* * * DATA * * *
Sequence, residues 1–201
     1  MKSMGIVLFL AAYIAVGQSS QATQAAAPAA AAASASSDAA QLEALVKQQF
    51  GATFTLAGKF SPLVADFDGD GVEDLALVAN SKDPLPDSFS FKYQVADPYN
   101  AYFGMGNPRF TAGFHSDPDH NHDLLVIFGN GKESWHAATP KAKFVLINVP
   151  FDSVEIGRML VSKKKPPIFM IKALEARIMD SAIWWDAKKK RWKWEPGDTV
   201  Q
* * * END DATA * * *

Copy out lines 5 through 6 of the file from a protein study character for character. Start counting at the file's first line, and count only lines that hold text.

   151  FDSVEIGRML VSKKKPPIFM IKALEARIMD SAIWWDAKKK RWKWEPGDTV
   201  Q